The book opened with a decidedly surreal scene, drawn in a style that was a cross between Burns' own style and Hergé's--that is to say, the styles of two obsessive perfectionists. The main character looks like an older Tintin, with a black quiff instead of blonde. But the book quickly leaves this surreal scene behind to depict a realistic story of a young art student named Doug. There are some flashbacks and flash forwards--we readers don't really know when "now" is, but we do know Doug was a student in the early days of the punk rock era, and part of his art is a performance that he does involving wearing a depersonalizing Tintin-like mask, reading Burroughs-like cut-up texts and playing collages of noise from a cassette deck hanging from his neck. (He calls his performance persona "Nitnit.") We see him doing this performance to a group of largely indifferent viewers as the opening act of a punk band. It's here he meets Sarah, who becomes his lover.

Charles Burns, X'D Out page 47, 2010

The link between the surreal fantasy world and Doug's world is obscure, but the main character in the surreal realm seems to be an analogue to Doug. The book was in color and published in a slightly oversize format, to deliberately mimic the format in Tintin. But unlike Tintin, the story wasn't neatly wrapped up in one volume. It was frustrating to reach the end because I knew it would be a long wait for the next volume.

Charles Burns, The Hive, 2012

Just as Black Hole was a book about adolescence, this series is about young adulthood. Burns seems aware in the same way that Jaime Hernandez was aware that people's bodies keep changing even after they become adults. In the second volume, The Hive, we see Doug's future self talking about the past. He goes from being a slim student to packing on a few pounds. But the time he is with Sarah is when he seems to be a physical peak. They are a beautiful couple and his later self is full of regret about what happened to them, which he knows but we don't.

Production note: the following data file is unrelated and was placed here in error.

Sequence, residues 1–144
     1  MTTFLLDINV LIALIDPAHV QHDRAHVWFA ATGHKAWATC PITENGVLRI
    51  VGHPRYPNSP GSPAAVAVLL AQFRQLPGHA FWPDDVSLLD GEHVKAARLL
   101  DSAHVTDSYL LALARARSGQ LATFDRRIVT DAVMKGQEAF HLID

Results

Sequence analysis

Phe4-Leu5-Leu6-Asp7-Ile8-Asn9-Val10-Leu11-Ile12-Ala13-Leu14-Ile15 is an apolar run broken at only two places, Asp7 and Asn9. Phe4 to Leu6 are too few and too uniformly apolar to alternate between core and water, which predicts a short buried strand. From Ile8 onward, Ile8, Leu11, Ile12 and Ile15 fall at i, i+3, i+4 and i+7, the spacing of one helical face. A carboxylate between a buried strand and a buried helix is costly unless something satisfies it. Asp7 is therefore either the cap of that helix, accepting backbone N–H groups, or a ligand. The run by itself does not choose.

Chales Burns, The Hive page 32, two bottom tiers, 2012

In the surreal world, the Doug analogue meets an equivalent to Sarah--she is a breeder in the Hive. The connections between the two stories seems to get stronger in The Hive, but they still seem mostly unconnected.

Charles Burns, Sugar Skull, 2014

Sugar Skull, which just came out, completes the story. All the flashbacks and disconnected episodes in Doug's life coalesce, and the parallel Burns-Hergé world makes sense as well. If there is any fault here, it's that everything is tied up a little too neat. But I found it satisfying. Doug turns out to be a pretty imperfect guy who stumbles badly as he transitions into adulthood and leaves behind some unrepairable wreckage. This is the kind of story an older person can tell convincingly. Burns was born in 1955. I wrote in an earlier post about how sad I feel about comics artists I've admired who, over time, drop out of the comics field. One reason I regret them leaving is that they will never tell stories from the point of view of full maturity. It is Burns' 59 years on this planet that give him the perspective to produce X'ed Out, The Hive and Sugar Skull. These books bring together the obsessions of his earliest work with an emotional maturity those works, as brilliant as they were, lacked.

I like seeing older cartoonists take this kind of material on, as Mimi Pond did in Over Easy. The health of comics as an art form depends on having several generations of serious comics artists working simultaneously.
  • The History of Dylan Horrocks

Dylan Horrocks, Incomplete Works, 2014